Triple F

I found it hard, as a child, to reconcile the memories voiced by my mother’s family with the truth. After all, what is a four year old to think, listening to her elders talk bout ‘gettin’ whooped’ while laughing heartily? I imagined a Dennis the Menace scenario. Something non-threatening and, ultimately, funny. Not a one of my aunts or uncles ever seemed to be angry over their past. ‘Whoopins’ were what you got. With a belt. Sometimes until you bled. But ha, ha, we all laughed about it in the end so it’s okay.

My dad, too, had stories. Stories in which he was always alone. Stories in which his parents grieved (and grieved and grieved) so much over the death of their first born that they seemed to forget they had another son.

And other hints. Frowning brows and dark looks now and then. A sharp tongued remark, quickly retracted. A tear that never fell from an eye.

I am a second gen product of abusive families.

Understanding – full understanding, the kind you only get with age and experience – hit me the other day. This is why my mother never doled out punishment when we were very little. She was too afraid she’d follow in the footsteps of her parents, and really smack us around.

My mother was an abused child.

And my father, a neglected child.

No wonder I am what I am.

I’ve often thought about my parents. How they got together. I know the story – a teacher in high school set them up on a date. What I never got was the why.

My father was very much into physical appearances. Comments on my appearance were usually limited to the ‘you’re a workhorse, honey, not a racehorse’ range. I was told I was beautiful only as a consolation, when I felt ugly and unloved. ‘Ah, honey! You’re beautiful just the way you are’ – which felt like a consolation and a lie. I was never freely told I was beautiful or even pretty. And I figured he had to say it; parents always have to say it, don’t they? Even if their kid is the butt-ugliest person on the planet.

At the time of their meeting, my mother was a slim and young size 12. My father was an extremely huge 350 pound linebacker for the school football team.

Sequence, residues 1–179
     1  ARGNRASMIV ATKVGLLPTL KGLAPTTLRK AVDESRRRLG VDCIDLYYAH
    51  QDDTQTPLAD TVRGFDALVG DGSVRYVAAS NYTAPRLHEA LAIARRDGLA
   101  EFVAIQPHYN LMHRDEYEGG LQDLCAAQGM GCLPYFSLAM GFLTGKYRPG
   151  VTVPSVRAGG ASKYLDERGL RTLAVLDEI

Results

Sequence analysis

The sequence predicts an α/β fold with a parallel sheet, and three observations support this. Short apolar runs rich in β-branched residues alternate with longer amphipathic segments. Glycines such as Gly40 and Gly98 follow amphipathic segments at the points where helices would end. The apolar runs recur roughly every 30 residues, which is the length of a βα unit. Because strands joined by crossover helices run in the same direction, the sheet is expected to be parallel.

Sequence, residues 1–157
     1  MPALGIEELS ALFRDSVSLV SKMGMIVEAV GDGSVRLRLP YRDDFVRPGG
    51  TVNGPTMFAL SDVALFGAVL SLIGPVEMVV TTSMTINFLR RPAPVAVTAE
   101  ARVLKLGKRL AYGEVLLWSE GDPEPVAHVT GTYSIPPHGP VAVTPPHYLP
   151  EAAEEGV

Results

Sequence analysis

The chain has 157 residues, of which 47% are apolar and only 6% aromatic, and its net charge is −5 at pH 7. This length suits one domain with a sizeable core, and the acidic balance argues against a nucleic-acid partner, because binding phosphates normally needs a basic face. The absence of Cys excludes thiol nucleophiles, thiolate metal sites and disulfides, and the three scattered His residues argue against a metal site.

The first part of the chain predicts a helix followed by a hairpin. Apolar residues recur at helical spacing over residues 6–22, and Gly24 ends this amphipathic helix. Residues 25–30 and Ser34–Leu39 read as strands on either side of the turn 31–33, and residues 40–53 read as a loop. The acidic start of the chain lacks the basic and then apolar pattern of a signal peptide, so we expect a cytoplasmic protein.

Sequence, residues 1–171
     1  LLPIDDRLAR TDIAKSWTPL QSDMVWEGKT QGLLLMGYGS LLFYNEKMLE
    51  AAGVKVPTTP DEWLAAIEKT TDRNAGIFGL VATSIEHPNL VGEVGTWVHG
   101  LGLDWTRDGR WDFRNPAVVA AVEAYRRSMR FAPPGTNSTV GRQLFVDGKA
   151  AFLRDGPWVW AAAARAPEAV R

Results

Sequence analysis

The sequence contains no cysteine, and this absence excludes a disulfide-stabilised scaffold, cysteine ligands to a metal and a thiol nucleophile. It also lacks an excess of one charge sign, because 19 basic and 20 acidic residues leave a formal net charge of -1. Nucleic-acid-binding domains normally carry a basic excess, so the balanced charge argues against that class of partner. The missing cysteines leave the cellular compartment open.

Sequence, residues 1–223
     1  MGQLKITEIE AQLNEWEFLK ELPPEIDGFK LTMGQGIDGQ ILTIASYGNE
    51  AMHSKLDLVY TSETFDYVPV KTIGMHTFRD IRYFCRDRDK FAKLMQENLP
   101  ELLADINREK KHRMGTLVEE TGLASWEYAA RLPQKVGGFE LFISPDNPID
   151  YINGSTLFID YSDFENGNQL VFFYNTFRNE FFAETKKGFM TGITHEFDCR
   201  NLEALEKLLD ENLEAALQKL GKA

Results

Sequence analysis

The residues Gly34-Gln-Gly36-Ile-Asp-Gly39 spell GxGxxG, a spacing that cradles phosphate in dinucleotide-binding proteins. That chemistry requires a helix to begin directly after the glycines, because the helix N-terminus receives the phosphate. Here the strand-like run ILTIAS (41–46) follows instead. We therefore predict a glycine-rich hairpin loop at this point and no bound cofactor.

My mother claimed she saw beyond my dad’s weight. Saw he was a good person, a good man, and that’s who she fell in love with.

But there was another man in her life. A sailor. I’ve one black and white photograph of the two of them together. He went off to war. Mom never talked about him, other than saying she dated him.

I wonder now if Mom was just looking for a way out. Someone – anyone – to help her leave the house.

And I’m not saying my mother didn’t love my father. Just that the initial reason she got together with him might not be as noble as she would have me believe.

As for my dad…Mom was his first and only love. Again, not surprising when you take into account his past. He was starved for attention. First person to give him even a little bit of time and energy, and he asks her to marry him.

Never did get a straight answer on the pre-marital sex issue. Mom said no, they never did it, and Dad said yes, the were at it like rabbits.

I used to think my parents’ story was this great romance. Now…it’s just grey and bleak, like the weather hanging outside my window.

Bullshit ordinary things I need to keep track of: Tired all day yesterday, ’til I finally broke down and had some more coffee. Left 10 hours open to sleep, so naturally I was up after 8. Doing okay but not great with smoking. Getting down on the floor to do abdominal exercises these days. Sucks big time. Still not writing anything but these morning blatherings. Frustrated. Bored a lot. Feel very out of step with the world.

Everything’s weird. I’m weird. That’s the real problem: me. I’ve got that un-tethered feeling going on. Free floating fear. The dreaded triple F threat.

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